Joseph Smith died at the age of 38 in 1844. He would have been 39 the following December.
Governor Ford died in 1850, a month prior to his fiftieth birthday. He completed his term as governor in 1846, and moved to the farm of his wife’s parents, where he wrote his History of Illinois.
In this history, he gives a rather detailed account of the death of Joseph and Hyrum Smith. He concludes with this summary statement: “Thus fell Joe Smith, the most successful impostor in modern times; a man who, though ignorant and coarse, had some great natural parts which fitted him for temporary success, but which were so obscured and counteracted by the inherent corruption and vices of his nature that he never could succeed in establishing a system of policy which looked to permanent success in the future” (A History of Illinois, 2 vols., Chicago: Lakeside Press, 1946, 2:213).
Such the appraisal of Joseph Smith by Thomas Ford.
I wish not to be critical of Governor Ford. I feel sorry for him. I regard him as one who sowed the wind and reaped the whirlwind.
In April of 1847, when our people began the long westward march from Winter Quarters on the Missouri to the valley of the Great Salt Lake, Governor Ford and his family moved to Peoria with the intent that he would there practice law. I now quote from Mr. Quaife:
“The story of his three-years’ sojourn there is one of unrelieved poverty and defeat. Mrs. Ford, afflicted with cancer, died October 12, 1850, at the early age of thirty-eight. Three weeks later, on November 3, he followed her to the grave. Left behind were five orphan children, penniless and of tender years, to face the world as best they might. To the credit of common humanity all were taken in charge by considerate townsmen and reared in homes which were better than their own father could provide. In his closing weeks he had been an object of charity, and his funeral expenses were met by the gifts of a group of citizens” (ibid., 1:xxvi, xxvii).
Both he and his wife were buried in the Peoria City Cemetery. Their remains were later moved to the Springdale Cemetery, where the grave remained unmarked until 1896, when the legislature provided an appropriation of $1,200 for the monument that now marks the site of his burial.
I have stood before that monument and pondered the events and circumstances of which I speak.
After the governor’s death and after his debts were paid, there remained the sum of $148.06 for distribution among his five children as their inheritance.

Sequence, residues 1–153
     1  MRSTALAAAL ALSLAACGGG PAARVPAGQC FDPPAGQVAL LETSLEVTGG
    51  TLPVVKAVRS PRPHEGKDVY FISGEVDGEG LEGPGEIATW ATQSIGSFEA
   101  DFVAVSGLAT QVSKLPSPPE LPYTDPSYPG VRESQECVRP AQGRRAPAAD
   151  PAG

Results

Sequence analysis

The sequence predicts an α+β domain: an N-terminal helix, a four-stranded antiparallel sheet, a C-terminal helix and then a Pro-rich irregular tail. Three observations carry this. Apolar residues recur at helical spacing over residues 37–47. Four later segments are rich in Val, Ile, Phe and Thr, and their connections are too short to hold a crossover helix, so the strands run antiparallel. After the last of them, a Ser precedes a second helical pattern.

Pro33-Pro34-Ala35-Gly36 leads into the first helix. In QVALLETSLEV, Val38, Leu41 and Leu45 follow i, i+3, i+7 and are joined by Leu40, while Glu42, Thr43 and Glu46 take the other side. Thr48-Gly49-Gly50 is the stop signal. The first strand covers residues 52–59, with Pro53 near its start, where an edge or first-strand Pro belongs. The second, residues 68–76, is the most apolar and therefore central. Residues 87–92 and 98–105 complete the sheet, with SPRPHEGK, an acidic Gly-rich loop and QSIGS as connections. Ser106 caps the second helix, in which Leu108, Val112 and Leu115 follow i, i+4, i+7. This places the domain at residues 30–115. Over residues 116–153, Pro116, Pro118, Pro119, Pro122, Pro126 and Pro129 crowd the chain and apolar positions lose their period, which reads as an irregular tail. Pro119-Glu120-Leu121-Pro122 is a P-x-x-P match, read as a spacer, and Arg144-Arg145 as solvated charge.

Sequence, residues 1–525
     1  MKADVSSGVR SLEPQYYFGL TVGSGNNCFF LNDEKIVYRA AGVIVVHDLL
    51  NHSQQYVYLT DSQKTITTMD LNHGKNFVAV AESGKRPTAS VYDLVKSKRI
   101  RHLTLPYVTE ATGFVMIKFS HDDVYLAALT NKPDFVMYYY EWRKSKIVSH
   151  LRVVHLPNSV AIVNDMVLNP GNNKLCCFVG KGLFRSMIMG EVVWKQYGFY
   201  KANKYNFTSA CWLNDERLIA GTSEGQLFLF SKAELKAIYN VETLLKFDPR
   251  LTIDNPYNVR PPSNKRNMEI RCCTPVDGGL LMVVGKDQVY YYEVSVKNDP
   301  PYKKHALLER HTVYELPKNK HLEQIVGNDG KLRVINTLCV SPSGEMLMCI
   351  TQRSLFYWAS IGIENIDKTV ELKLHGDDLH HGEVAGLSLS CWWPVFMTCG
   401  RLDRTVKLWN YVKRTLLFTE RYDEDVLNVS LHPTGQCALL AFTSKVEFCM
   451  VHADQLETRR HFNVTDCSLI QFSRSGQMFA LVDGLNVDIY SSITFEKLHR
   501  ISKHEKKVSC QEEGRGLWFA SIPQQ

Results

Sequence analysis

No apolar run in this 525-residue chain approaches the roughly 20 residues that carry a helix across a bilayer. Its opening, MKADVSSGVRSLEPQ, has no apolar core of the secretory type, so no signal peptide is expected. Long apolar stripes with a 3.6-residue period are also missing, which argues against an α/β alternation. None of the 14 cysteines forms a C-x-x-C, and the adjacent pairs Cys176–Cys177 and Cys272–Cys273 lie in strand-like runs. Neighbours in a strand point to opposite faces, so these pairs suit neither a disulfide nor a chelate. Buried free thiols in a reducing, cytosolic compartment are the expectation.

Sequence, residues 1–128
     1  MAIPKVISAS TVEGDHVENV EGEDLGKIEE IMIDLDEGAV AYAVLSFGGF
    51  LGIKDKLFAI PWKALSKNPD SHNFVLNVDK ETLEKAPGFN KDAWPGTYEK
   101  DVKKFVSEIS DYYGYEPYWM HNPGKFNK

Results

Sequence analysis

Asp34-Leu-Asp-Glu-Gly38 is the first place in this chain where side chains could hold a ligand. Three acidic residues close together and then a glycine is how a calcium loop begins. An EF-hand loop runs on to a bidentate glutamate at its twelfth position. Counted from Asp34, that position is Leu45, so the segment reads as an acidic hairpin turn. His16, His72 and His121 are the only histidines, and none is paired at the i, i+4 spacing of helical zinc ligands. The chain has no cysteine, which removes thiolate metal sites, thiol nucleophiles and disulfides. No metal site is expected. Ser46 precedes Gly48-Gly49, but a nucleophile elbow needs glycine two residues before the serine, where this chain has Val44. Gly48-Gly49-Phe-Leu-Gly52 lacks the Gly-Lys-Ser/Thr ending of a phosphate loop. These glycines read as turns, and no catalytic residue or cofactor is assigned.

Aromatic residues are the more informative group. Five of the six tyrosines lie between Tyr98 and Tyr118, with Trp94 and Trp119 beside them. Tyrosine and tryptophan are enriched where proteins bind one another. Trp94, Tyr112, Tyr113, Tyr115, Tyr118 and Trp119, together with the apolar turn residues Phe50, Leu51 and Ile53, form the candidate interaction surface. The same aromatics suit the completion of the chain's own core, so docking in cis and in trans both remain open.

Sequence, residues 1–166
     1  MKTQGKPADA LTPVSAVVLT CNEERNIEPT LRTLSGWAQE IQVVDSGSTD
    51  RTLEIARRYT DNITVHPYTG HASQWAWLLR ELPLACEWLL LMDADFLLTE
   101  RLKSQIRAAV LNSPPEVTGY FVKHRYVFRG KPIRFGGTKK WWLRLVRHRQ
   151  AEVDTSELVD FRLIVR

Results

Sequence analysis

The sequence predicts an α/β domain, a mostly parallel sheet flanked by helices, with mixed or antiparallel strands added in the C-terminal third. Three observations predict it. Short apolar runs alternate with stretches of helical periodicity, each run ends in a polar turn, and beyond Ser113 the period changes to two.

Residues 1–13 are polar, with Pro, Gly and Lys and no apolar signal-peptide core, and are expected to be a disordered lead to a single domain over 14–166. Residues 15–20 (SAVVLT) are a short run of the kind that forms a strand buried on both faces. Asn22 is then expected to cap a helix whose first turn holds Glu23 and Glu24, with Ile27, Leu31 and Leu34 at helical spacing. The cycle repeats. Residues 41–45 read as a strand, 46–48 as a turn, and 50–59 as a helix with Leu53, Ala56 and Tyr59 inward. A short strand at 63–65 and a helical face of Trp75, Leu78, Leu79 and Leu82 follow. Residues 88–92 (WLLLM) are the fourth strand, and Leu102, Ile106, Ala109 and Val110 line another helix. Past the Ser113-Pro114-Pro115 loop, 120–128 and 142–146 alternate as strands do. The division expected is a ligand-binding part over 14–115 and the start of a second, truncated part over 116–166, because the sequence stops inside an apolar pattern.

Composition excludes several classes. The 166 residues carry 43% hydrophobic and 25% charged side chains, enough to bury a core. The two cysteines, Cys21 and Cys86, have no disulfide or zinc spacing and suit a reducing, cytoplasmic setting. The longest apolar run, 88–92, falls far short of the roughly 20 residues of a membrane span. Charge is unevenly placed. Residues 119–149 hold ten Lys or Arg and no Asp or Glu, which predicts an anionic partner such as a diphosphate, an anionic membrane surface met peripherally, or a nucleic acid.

In his introduction to Ford’s History, General James Shields relates: “In 1850 while the author of this work was on his death-bed, he placed in my hands a manuscript, with the contents of which I was then wholly unacquainted, with the injunction that after his decease I should have it published for the benefit of his family. He soon after departed this life, leaving his orphan children in a destitute condition.” The royalties from the sale of the book yielded $750, making it possible for each of his five children to receive $150 as their meager financial inheritance beyond the $29.61 left each by their father.
The eldest daughter married; her husband died in 1878; she lived until 1910, the last few years cared for by others. The second daughter married, reared a family, and died in St. Louis. The younger daughter, born in 1841, died at the age of 21 of “consumption,” and was buried with her parents. Concerning the two sons, I quote again from Mr. Quaife:
“In the autumn of 1872 Thomas [the youngest son] was hung as a horse thief near Caldwell, Kansas, by a lynching party. Two years later, in 1874, Seuel [his brother] and two other outlaws were hung from the same branch of a tree near Wellington, Kansas, by another lynching party” (ibid., 1:xxxii). They were buried in unmarked graves on the Kansas prairie.
I mention these things to say that there was tragedy on both sides of the Carthage problem. Joseph and Hyrum were murdered. Governor Thomas Ford, who had pledged the protection of the state of Illinois, and failed to provide it, fell upon tragic and sorrowful circumstances, dying in abject poverty and leaving a destitute family who for the most part also lived with disappointment and died with much of misery.
While Governor Ford wrote his dismal appraisal of Joseph Smith, another contemporary, Parley P. Pratt, wrote one of his own. Speaking of Joseph Smith at that time, he said:
“His work will live to endless ages, and unnumbered millions yet unborn will mention his name with honor, as a noble instrument in the hands of God, who, during his short and youthful career, laid the foundation of that kingdom spoken of by Daniel, the prophet, which should break in pieces all other kingdoms and stand forever” (Autobiography of Parley P. Pratt, Salt Lake City: Deseret Book Co., 1979, p. 46).
Parley Pratt wrote with a surer sense of prophecy than did Tom Ford. He wrote out of a spirit of love, yes, but also with something of a vision of this great millennial movement.
The shadow of the events of June 1844 has now lengthened over a century and a half. That shadow has reached across a substantial part of the world. The history is clear, and it is wonderful to survey. It is a poignant and tremendous story, an epic without parallel. Two years after the martyrdom, while the governor was writing his history, most of our people left Nauvoo, their beloved city on the Mississippi. They left behind their beautiful and comfortable homes. They left their magnificent temple. Their exodus began in February of 1846 in the cold of winter, so cold that the Mississippi froze and some were able to cross on the ice. They did not leave out of a desire to go. They had to leave, driven by the bitter and unrelenting hatred of vicious mobs.